“As I said in a news conference, I guess, last week when asked about this, it only takes being wrong once. And I don’t want to be the secretary of defense who was wrong once,” he said. “So we will continue to take these threats seriously. I hope the North will ratchet this very dangerous rhetoric down. There is a pathway that’s responsible for the North to get on a path to peace, working with their neighbors. There are many, many benefits to their people that could come. But they’ve got to be a responsible member of the world community. And you don’t achieve that responsibility and peace and prosperity by making nuclear threats and taking very provocative actions.”
House Armed Services Committee Chairman Buck McKeon (R-Calif.) said Hagel, “like many of his predecessors, has laid out a bold agenda for reform.”
“As encouraging as many of the secretary’s remarks are, the fact that he is being driven to consider dramatic reform not because of strategic threats but because of an irrational budgetary environment remains troubling. The Armed Services Committee will do what it can to prevent the Pentagon from making ill-considered short-term cuts at the expense of long-term strategic need,” McKeon said. ”We cannot allow inadequate budgets to drive unacceptable strategies.”
En route to Denver today for President Obama’s gun-control rally, White House press secretary Jay Carney said that despite a new ruler in Pyongyang, North Korea’s behavior “represents a familiar pattern, and as I think we’ve seen over the past several administrations.”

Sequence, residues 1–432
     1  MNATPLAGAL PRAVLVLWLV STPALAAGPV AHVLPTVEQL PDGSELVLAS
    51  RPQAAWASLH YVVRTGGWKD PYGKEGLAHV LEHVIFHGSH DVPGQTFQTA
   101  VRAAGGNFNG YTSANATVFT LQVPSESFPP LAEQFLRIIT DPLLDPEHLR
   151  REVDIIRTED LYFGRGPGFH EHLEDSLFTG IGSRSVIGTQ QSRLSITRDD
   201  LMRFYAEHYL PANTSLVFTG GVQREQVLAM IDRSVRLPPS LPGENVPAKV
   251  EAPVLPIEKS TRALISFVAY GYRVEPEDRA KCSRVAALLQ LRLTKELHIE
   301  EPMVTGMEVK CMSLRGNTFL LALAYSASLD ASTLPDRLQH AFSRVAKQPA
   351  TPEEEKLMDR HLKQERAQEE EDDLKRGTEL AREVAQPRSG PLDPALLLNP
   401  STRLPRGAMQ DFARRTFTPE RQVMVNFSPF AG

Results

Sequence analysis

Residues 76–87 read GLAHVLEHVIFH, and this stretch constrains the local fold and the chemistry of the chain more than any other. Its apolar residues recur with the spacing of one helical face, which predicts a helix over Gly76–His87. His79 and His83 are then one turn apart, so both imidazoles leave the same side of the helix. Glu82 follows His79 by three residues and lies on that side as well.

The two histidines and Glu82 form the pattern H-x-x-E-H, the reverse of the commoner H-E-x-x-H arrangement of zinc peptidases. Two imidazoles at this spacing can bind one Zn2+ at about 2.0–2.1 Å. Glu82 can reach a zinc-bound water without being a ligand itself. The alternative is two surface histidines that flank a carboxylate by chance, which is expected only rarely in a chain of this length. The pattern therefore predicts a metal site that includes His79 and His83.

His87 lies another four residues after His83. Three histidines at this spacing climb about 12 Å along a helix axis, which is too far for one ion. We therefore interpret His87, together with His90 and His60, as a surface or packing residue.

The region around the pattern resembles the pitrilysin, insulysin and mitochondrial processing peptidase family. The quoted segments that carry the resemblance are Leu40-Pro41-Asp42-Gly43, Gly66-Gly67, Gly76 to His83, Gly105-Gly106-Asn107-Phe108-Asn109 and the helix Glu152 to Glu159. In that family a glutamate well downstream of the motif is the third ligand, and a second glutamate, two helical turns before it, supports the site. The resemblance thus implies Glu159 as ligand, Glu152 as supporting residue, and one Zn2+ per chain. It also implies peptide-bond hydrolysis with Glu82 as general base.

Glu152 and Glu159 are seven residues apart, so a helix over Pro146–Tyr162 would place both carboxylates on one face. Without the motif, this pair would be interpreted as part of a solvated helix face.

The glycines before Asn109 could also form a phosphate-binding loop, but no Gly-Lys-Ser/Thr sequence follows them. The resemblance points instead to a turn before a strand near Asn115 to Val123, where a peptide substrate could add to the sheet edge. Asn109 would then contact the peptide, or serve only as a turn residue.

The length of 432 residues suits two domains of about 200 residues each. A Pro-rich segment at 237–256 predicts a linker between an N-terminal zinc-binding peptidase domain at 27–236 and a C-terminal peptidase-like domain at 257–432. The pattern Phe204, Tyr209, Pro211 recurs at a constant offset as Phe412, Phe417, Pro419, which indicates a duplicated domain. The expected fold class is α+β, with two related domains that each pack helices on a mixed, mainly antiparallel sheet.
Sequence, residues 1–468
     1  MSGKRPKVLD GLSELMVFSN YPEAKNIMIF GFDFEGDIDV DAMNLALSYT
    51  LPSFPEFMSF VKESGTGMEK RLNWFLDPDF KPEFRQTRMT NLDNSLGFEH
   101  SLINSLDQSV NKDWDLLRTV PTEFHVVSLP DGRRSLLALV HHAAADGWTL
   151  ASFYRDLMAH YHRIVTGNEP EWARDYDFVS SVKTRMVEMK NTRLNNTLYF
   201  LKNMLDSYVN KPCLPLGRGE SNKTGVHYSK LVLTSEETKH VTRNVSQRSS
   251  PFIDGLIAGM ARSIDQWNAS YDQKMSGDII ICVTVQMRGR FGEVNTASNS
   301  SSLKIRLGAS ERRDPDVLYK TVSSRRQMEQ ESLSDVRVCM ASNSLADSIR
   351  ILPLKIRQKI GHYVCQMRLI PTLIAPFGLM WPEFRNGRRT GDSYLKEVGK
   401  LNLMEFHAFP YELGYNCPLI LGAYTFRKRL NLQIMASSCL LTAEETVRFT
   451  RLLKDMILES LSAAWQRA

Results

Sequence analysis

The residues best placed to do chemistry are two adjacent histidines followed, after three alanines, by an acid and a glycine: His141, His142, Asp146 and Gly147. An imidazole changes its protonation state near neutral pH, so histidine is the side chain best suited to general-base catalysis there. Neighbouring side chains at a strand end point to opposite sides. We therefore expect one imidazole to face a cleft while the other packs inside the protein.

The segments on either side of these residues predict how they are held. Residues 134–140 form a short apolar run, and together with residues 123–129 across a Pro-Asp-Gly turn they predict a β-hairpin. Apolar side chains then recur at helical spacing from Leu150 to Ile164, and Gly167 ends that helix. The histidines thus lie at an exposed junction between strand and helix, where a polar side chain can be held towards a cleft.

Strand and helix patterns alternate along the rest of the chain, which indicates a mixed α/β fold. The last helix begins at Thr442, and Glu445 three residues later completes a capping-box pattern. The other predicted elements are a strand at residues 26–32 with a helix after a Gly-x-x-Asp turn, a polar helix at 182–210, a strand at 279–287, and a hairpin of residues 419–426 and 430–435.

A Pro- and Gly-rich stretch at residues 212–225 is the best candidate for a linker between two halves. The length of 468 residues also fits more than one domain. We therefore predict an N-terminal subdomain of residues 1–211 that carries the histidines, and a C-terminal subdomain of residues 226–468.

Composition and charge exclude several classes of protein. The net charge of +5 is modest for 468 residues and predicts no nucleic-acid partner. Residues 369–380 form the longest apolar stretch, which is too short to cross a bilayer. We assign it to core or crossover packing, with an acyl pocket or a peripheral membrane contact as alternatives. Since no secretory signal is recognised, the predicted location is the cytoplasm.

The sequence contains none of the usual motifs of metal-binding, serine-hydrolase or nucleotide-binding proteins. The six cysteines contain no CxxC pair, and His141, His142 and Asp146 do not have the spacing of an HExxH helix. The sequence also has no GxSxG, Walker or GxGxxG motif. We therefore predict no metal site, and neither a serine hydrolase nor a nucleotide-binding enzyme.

“North Korea knows the path that’s available to it — the regime does — and that is a path towards greater integration in the international community, stronger economic development, and better prospects for the North Korean people if they take substantive steps towards denuclearization and abide by the series of international obligations that they are currently flouting,” Carney said.
Over at the State Department, spokeswoman Victoria Nuland called North Korea freezing entry to the border industrial zone from South Korea “a regrettable move.”
“It says to us that despite the international community’s open door to choose a different path, which we have had open for a long, long time now, the Korean leadership is choosing to violate its international obligations and to flout international law rather than to feed and help and improve the lives of their own people,” Nuland said.
The Korean Central News Agency, the mouthpiece for Kim Jong-un’s regime, reported today on “the final decision of justice prompted by the matchless grit of the brilliant commander of Mt. Paektu to put a definite end to the long-standing history of showdown with the U.S. imperialists and blow up the dens of evils.”
“The grudge of the Korean people at the U.S., the sworn enemy, is running high and their patience has gone beyond limitation,” the article continued. “All the service personnel and people of the DPRK have waited for the time of a final battle for national reunification, pledging revenge on the U.S. for over half a century. They are waiting for the final order of Kim Jong Un, keeping themselves on high alert.”